The prevalence of type 2 diabetes has rapidly increased in the Taiwanese population, reaching 9.78% among adults aged 20-79 years in 2013.18 Increasing levels of obesity in the general population in the past two decades may be one of the principal factors contributing to the elevated incidence of type 2 diabetes.19 The prevalence of diabetes was 45.4% in ischemic stroke/TIA and 37% in hemorrhage stroke.5 A Taiwanese population-based study showed that diabetes were significantly associated with ischemic stroke in patients with atrial fibrillation (OR, 1.341; 95% CI, 1.092-1.648).17 Cheng et al.20 randomly selected 14,856 patients with diabetes from the Taiwan National Health Research Institute database and followed up for 4 years to calculate their ischemic stroke incidence in two groups, one group used oral hypoglycemic agents metformin and the other without. The risk of ischemic stroke was substantially lower in the group with metformin use (9.2%) than in the group without metformin use (17.5%): adjusted HR (95% CI)=0.468 (0.424-0.518).


Increasing body of evidence has demonstrated that hyperlipidemia is one of the well-defined and modifiable risk factors for ischemic stroke. The prevalence of dyslipidemia is about 49.4% in Taiwanese patients with ischemic stroke/TIA.5 Among young ischemic stroke patients aged 15-45 years, the prevalence of hyperlipidemia was 53.1%.7 It has been reported that every 1.0 mmol/L reduction in low-density lipoprotein cholesterol is associated with a corresponding 21% reduction in stroke.21 Statins are medications used for the control of hypercholesterolemia.22 A nationwide population-based study using the Taiwan NHIRD reported that after the multivariate Cox regression model analysis adjusted for age, gender, comorbidities, and concomitant medication use, use of statins in hemodialysis patients was associated with a lower risk of developing future ischemic stroke (HR, 0.49; 95% CI, 0.39-0.63) as compared to the hemodialysis patients without exposure to statins.23


General obesity for Taiwanese was defined as BMI≥27 kg/m2, corresponding to a similar degree of fat composition to whites with a BMI of 30.8.24 According to a nationwide population-based survey conducted in Taiwan, obesity prevalence (BMI≥27) in 2002 was 19.2% in men and 13.4% in women.25 Comparing the Taiwanese data with other countries, obesity prevalence was greater in Taiwan than in the other Asian countries, but less than in the western countries.26 Data from the Cardiovascular Diseases Risk Factor Two-Township Study showed that the prevalence of obesity in ischemic stroke patients was 25% in males and 35% in females.27 The authors also found that metabolic syndrome subjects with general obesity exhibited a greater risk of ischemic stroke.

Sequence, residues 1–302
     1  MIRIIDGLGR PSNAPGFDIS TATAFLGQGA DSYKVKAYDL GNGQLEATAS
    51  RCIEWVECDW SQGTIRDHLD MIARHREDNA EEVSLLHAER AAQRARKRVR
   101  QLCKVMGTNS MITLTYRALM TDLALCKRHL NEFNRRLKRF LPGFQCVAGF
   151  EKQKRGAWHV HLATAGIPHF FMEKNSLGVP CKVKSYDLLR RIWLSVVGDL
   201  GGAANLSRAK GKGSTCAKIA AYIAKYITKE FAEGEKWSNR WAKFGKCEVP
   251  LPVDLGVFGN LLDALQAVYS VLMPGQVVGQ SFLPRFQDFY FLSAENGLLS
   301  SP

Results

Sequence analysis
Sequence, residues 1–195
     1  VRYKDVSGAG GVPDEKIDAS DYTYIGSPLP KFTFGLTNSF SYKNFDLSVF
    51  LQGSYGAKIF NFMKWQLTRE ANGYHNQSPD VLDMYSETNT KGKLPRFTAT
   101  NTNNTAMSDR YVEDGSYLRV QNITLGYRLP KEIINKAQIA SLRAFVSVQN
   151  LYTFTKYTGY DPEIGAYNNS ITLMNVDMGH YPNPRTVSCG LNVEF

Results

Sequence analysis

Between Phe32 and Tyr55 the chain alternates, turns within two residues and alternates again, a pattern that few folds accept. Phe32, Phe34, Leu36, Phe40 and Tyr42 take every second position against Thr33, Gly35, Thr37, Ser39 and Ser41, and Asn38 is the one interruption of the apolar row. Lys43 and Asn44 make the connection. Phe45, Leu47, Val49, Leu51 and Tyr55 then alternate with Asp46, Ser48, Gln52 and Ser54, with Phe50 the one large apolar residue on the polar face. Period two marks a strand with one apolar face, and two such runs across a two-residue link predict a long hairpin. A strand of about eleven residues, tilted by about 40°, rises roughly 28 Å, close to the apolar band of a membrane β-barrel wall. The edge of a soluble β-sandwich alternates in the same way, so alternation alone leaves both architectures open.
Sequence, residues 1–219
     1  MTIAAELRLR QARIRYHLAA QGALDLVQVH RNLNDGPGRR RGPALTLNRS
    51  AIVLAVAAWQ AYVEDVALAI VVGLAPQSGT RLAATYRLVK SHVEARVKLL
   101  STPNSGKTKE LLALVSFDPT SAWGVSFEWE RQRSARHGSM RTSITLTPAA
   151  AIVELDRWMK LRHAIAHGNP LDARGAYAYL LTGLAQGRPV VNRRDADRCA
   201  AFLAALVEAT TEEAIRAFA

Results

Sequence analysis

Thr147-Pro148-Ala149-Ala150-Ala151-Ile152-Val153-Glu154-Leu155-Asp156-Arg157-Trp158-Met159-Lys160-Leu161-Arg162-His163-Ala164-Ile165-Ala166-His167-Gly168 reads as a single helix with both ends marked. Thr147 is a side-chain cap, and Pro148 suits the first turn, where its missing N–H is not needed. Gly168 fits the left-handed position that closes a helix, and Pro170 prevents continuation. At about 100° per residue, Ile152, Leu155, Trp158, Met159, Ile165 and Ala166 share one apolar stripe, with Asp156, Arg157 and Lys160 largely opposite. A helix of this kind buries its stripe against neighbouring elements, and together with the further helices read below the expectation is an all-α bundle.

Atrial fibrillation

A community-based prospective cohort study among 3,560 Taiwanese participants conducted by Chien et al.28 reported that atrial fibrillation prevalences were 1.4% in men and 0.7% in women. The authors also found that atrial fibrillation patients had nearly 4 times risk of stroke (age, gender-adjusted relative risk [RR], 3.87; 95% CI, 2.12-7.15) compared with those without atrial fibrillation. Another study conducted by Chao et al.29 recruited 829 subjects with atrial fibrillation as study cohort and 8,290 study subjects without atrial fibrillation as control cohort. The control cohort was matched with study cohort by sex and age. The authors found that atrial fibrillation was a significant risk factor for ischemic stroke among females (HR, 7.77; 95% CI, 3.97-15.19). The event rates for female patients with and without atrial fibrillation were 4.4% and 0.7%, respectively. However, the event rates were similar between groups with and without atrial fibrillation for males. A possible interpretation for the gender difference in atrial fibrillation-related thromboembolism risk was that a higher von Willebrand factor level was observed in females with atrial fibrillation, but not in males with atrial fibrillation, as compared with that of non- atrial fibrillation patients.30 In a hospital-based study of 947 patients with first-ever ischemic stroke, the prevalence of atrial fibrillation was significantly higher in elderly patients aged 80 years or older (29%) than in those aged less than 80 years (11%).31